- Procedures for member states and the Commission to quickly react to FDI concerns and to issue opinions
- Updated list of projects and programmes of Union interest annexed to the regulation
Member states had also agreed to cooperate informally on FDI screening where a foreign investment could have any effect on the EU single market.
With that said, several Member States had also opted to reform their own respective screening mechanisms or adopted new ones.
Member states that introduced new foreign investment screening
On September 13, 2020, Ireland announced that it was introducing legislation to provide for a new Irish legislative screening mechanism under the FDI regulation. The legislation allowed Ireland’s Minister for Enterprise, Trade and Employment, Leo Varadkar, to screen FDI on the basis of security and public order considerations. Varadkar said that Ireland has a “strong reputation as a welcoming home for FDI” and said that his government’s intention is for that to continue. “It is important that the structures put in place in accordance with this regulation are proportionate and tailored to ensure they meet that objective,” he continued, “while ensuring Ireland that maintains its position as a small, open economy, that is very welcoming of investment from abroad.”
In May of 2020, Austria introduced a new Investment Control Act (ICA), expanding its screening of foreign investments. The Austrian European FDI cooperation went into effect with the EU regulation on October 11 and affected a wide array of sectors which included energy, information tech, telecommunications, transportation, defense, finance, food, robotics, research and development in the medical field, media, water, and chemicals.
Hungary also adopted a new decree on the screening of foreign investments in May, one which aims to protect security, order and health (especially during the COVID-19 pandemic), and introduced a new approval requirement for investments into specific Hungarian companies. Hungary’s screening went into effect on May 26, 2020, while leaving the earlier FDI screening mechanism intact, resulting in two parallel FDI screening mechanisms in the country.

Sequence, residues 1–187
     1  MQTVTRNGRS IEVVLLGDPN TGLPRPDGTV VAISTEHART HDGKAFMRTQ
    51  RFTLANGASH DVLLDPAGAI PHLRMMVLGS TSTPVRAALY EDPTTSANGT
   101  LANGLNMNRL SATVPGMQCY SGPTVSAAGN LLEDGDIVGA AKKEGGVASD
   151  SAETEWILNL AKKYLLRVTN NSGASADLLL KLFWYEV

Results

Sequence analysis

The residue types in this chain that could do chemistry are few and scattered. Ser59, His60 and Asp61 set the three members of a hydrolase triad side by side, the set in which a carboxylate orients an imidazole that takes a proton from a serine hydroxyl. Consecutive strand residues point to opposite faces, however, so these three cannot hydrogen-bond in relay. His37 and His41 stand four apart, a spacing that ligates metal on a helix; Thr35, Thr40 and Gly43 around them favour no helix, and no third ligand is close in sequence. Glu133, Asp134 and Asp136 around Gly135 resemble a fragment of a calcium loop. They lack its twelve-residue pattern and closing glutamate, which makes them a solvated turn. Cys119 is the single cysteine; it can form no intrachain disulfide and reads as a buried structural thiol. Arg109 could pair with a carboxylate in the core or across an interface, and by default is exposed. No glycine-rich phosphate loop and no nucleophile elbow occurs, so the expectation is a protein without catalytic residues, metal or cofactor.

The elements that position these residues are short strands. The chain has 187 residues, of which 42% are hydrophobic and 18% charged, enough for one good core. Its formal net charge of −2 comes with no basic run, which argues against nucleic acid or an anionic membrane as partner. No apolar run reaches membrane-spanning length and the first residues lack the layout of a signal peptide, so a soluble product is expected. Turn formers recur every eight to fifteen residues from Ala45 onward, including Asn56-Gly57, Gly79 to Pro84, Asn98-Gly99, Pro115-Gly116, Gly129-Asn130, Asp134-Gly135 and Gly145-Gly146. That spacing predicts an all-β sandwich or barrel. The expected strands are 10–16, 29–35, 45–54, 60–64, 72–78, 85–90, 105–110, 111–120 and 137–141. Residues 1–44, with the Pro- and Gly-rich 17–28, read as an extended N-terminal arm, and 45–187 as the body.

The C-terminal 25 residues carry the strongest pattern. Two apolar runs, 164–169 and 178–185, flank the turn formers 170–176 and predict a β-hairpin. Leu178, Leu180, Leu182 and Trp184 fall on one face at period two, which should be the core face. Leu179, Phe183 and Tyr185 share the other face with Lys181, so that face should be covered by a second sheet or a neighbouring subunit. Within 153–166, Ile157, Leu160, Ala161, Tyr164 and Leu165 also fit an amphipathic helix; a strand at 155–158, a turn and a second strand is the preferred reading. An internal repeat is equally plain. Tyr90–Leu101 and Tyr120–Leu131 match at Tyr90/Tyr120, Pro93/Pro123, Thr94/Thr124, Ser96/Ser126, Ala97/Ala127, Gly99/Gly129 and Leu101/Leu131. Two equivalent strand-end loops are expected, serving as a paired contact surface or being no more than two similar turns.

In September 2020, Romania drafted a new screening process that was “far stricter”, bringing more clarity and predictability to relevant stakeholders and added obligations, conditions, and sanctions for foreign investors looking to invest in Romania.
Other member states that introduced or expanded their FDI regimes include France, Spain, Italy, Poland, and Germany.
The new era of FDI in the EU
With the new FDI screening regulation in place across the entire EU, it will allow the Commission and member states the opportunity to trace the pan-EU investment behavior and strategy of foreign investors, a process that was highly sought after by many FDI regulators.
The regulation is the EU’s first attempt to regulate foreign direct investment at the EU level and has become a clear factor that needs to be considered when engaging in transactions within the EU that involves foreign investors. Expect a closer coordination between governments and heightened scrutiny of investments in the EU, going forward.